UI gives trading signals not only within the region but also across the regions. Presently, HVDC links(B-to-B) connect WR-NR, WR-SR, and ER-SR and further one more HVDC links will be established in near future forming national grid. The frequencies of the two contiguous regions are available at HVDC back-to-back stations. If all regions agree for standing guidelines to be issued to HVDC back-to-back stations, then HVDC stations can effect the transaction on their own taking advantage of differential UI rates between the two regions.
7.2 Development of Ancillary Market
The power system presently though having shortages, have grown sufficiently and needs further focus on ancillary services like Reactive Power, use of fast-start / fast-ramp sources, Black start sources etc. The ABT framework will induce opportunities for development of markets for ancillary services as described below:
Reactive Power Sources
The reactive power management, now, must be seen as opportunity for growth of market for HT capacitors and FACT devices. This provision of reactive energy charges shall put pressures on SEBs to take corrective measures for maintaining right voltage profile. The signal is clear, if SEBs donot put enough money in reactive compensators, they might be paying to pool account. Therefore, investments are expected in this area also. Further, private sector may enter this ancillary market as service providers and install transmission elements and recover the charges through tariff which will match with as otherwise payable as reactive energy charges.
Use of Pumped Storage Schemes
The pumped storage schemes may also be developed and these can be used by all SEBs in the region as fast-start units for providing balancing power in the short-run. These units can be run on frequency-governed rates. Automatically, during high frequency they will work in pumping mode and during low frequency periods they will start generating. The capacity charges of such plants may be payable at predefined ratios of their system sizes since the reliefs obtained from such plants shall be availed in the ratio of their system size.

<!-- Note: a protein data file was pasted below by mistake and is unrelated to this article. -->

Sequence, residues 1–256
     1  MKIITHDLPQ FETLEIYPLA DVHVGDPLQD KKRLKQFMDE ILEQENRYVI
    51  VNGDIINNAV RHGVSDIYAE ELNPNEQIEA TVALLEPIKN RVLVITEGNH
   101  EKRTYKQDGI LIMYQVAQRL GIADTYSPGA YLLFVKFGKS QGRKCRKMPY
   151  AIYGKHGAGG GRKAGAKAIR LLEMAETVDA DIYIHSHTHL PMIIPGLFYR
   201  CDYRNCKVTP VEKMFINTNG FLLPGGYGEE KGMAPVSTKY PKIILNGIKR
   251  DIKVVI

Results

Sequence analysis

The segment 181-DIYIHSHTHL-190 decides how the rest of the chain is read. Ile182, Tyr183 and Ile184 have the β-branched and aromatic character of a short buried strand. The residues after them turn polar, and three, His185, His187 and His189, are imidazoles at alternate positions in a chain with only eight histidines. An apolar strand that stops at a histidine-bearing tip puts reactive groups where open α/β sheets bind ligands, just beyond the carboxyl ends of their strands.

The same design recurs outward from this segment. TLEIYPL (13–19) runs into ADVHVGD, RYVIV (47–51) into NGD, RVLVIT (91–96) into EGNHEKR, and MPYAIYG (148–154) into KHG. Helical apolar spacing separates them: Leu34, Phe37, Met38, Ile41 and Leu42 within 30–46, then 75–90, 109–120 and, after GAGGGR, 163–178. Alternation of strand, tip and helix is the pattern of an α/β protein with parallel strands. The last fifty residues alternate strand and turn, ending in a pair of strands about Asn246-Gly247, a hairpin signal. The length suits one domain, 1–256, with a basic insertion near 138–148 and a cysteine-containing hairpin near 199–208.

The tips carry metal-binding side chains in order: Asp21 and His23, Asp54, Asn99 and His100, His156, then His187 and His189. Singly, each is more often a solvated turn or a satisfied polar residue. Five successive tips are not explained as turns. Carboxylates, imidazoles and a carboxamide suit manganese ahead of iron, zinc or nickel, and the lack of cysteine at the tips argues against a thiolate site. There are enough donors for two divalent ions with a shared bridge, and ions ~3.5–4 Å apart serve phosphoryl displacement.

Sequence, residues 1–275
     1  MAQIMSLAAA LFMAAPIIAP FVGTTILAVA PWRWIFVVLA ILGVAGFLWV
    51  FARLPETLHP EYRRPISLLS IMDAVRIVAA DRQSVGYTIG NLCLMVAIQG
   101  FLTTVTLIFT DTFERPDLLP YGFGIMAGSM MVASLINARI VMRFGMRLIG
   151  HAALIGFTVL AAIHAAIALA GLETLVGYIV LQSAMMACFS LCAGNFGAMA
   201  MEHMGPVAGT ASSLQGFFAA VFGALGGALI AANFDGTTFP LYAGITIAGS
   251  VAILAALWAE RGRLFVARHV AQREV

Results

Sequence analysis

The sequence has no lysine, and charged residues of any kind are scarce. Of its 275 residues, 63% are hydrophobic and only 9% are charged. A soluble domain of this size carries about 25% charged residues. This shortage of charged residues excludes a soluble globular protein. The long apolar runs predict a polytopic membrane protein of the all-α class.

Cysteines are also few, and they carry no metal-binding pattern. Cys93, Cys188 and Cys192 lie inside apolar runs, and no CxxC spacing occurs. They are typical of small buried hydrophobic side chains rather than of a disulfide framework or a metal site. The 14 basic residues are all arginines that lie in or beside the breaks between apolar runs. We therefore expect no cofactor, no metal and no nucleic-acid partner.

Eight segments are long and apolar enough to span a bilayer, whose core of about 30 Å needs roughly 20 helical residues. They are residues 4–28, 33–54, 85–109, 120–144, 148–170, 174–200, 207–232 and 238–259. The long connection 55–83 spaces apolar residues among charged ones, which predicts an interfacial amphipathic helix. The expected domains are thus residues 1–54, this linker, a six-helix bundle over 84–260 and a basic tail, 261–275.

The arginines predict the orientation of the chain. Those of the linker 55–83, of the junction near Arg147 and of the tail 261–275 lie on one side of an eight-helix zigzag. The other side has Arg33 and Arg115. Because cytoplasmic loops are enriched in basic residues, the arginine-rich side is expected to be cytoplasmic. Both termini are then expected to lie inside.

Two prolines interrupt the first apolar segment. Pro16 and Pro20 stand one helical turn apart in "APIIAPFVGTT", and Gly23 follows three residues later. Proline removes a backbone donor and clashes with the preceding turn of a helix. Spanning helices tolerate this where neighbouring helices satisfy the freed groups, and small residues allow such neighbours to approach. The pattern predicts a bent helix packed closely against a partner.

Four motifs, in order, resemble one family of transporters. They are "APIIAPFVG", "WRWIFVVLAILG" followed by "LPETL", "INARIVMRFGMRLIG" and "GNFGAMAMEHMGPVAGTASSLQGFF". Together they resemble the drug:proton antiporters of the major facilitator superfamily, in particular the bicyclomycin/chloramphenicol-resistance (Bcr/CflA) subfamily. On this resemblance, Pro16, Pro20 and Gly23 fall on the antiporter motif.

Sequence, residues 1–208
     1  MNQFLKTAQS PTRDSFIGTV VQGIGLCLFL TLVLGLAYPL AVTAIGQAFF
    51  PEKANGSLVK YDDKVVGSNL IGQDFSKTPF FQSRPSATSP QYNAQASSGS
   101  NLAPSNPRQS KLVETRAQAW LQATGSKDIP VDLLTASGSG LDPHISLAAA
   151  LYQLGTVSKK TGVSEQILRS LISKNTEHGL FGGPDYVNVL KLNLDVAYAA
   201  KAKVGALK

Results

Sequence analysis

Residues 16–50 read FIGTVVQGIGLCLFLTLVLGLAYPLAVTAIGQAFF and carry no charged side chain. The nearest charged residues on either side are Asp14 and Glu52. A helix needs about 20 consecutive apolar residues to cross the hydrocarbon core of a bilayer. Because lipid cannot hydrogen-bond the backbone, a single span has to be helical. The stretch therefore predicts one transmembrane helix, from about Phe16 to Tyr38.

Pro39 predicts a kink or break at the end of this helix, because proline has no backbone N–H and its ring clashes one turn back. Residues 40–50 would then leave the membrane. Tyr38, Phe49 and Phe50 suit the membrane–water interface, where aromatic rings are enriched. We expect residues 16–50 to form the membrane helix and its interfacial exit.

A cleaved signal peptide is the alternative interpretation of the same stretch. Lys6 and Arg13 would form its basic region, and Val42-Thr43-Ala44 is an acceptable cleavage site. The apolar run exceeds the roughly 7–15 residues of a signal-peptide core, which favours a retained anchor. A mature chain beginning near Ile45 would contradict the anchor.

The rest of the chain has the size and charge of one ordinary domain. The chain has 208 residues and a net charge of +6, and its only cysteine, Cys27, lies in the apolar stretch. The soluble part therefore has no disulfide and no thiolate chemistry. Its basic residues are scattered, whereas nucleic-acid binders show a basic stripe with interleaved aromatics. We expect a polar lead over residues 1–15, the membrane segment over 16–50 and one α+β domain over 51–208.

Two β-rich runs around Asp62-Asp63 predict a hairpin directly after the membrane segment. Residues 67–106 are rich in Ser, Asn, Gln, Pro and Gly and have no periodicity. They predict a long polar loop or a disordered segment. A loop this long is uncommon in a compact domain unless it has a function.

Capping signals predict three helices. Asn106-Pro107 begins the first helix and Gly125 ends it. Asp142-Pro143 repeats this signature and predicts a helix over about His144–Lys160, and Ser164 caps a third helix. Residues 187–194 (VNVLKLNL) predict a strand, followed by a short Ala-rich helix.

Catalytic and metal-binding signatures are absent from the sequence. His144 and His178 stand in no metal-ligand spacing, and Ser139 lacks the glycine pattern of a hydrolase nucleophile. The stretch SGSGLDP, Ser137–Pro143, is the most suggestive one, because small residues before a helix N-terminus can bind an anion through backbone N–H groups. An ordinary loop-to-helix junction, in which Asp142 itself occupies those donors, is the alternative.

Spinning Reserve Sharing
A utility shall be encouraged to buy capacity in other utilities as reserves so as to avoid unscheduled interchange costs occurring due to sudden loss of generating units within their system. Though, surpluses to that extent presently not available, but with more transmission capacity additions, the surpluses in Eastern Region can be utilised by other regions as spinning reserves.
7.3 Mandatory Open Access
Another prerequisite for trading in modern complex power systems is the provision of mandatory open access. All utilities need to abide by the concept of open access so that trading opportunities be never lost in the absence of agreement on transmission and wheeling charges. These should be tightly regulated by the central regulator. The owners of wheeling transmission systems should not be allowed to hamper the trading just on account of non-agreement on the issue of pricing of such wheeling.
7.4. Improvements in Grid Operation & Security Levels
Apart from providing the trading mechanism, ABT shall also facilitate improvements in system operation in mitigating the present problems viz. large frequency fluctuations, high frequency (excess generation) during off-peak periods, low frequency (shortages) during peak-demand periods, low voltages at load centers and rampant grid indiscipline etc. The regional grids are expected to operate in narrower frequency band between 49 to 50.5 Hz whereas presently they are operating in 47.8 to 52 Hz band. Besides economic and operational advantages, the security levels and reliability of the supply will improve. Further, narrower operating frequency band shall facilitate free-governor mode of operation.
Comparison With Other Market Models